We can’t even stay with “the rest of the pack,” unless we are constantly improving.  We can’t be leaders in our markets and industries, unless we are constantly growing.

Our customers can’t afford to stand still either.  If they aren’t constantly improving, they will fail.  It’s our job to help them identify areas to improve and grow.  If we aren’t constantly improving how we serve them, than our value diminishes–it’s displaced by those who can.

You may agree with the concept, but the idea of doing this within one sales cycle seems unreasonable and achievable.  That was the key struggle that I had with Jason’s idea.  But then I realized, what we must do is identify those things that will move the needle on revenue growth now.  We must be putting them in place in the current sales cycle so that we can see the results of them in subsequent sales cycles.  We must understand the leading indicators that show we are on the right path–we can’t wait to see the results in revenue, because if we miss, then we’ve lost at least one sales cycle and may miss more in recovery.

The concept of increasing revenue growth within one sales cycle seems daunting, but when you look at it in the context of continuous improvement, it’s what we should be doing anyway.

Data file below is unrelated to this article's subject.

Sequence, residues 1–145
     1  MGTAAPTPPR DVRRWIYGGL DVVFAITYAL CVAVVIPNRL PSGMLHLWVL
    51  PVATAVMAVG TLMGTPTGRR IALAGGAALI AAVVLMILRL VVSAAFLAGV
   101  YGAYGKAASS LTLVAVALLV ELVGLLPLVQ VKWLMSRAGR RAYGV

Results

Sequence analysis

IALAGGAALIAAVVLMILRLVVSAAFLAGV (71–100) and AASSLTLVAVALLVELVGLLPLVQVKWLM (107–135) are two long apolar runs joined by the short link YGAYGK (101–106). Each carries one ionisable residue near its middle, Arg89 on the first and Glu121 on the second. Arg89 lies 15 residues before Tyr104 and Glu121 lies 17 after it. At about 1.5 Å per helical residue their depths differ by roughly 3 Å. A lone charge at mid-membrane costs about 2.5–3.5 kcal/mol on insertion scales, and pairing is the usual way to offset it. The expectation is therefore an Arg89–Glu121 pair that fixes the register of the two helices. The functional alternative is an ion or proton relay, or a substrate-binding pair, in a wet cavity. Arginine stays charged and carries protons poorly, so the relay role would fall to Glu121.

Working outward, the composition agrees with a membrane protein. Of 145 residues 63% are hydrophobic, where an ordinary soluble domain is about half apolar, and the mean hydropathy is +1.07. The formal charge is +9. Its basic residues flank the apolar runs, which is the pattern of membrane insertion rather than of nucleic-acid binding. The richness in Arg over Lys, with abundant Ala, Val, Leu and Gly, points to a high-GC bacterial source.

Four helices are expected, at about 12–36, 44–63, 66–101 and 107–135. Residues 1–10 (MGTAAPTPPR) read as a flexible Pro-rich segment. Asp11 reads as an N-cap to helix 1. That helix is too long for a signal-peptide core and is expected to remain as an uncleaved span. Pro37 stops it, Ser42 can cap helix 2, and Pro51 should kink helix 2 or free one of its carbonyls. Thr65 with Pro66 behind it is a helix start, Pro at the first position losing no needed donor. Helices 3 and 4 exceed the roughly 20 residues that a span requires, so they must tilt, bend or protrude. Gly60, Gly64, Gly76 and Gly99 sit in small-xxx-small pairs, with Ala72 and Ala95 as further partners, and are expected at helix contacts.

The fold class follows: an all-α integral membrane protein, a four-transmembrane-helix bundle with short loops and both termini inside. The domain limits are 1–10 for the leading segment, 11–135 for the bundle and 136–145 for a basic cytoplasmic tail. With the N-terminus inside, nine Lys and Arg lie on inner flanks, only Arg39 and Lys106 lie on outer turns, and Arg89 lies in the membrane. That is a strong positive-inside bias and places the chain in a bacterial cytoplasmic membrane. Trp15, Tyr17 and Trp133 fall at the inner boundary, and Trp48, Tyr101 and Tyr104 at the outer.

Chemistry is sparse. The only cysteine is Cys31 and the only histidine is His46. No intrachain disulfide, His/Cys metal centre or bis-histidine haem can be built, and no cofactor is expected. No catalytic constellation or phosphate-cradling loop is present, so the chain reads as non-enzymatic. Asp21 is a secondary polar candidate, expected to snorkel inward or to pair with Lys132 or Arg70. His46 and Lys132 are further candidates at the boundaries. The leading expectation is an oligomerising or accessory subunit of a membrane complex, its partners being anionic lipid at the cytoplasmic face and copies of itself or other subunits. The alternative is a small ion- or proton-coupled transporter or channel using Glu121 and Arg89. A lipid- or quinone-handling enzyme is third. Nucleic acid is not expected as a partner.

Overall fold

As sales professionals–whether we are managers or individual contributors, we have to drive growth.  We have to see that we are improving—not in five years, not in a couple of years, we have to be improving with each sales cycle.

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3 Comments
  1. Scott Woodhouse permalink

    Great article and take on this.

  2. David Locke permalink

    Continuous improvement ends. It converges to that manager. Then, there is the other problem, exceeding the value of the game. That happens by optimizing too much.

    Once upon a time, the board insisted on moving sales to the CXO sale in the middle of a quarter without prior forecasts and guidance. That lengthened the sale cycle, missed the quarter’s guidance, and killed the company. So much for improvement.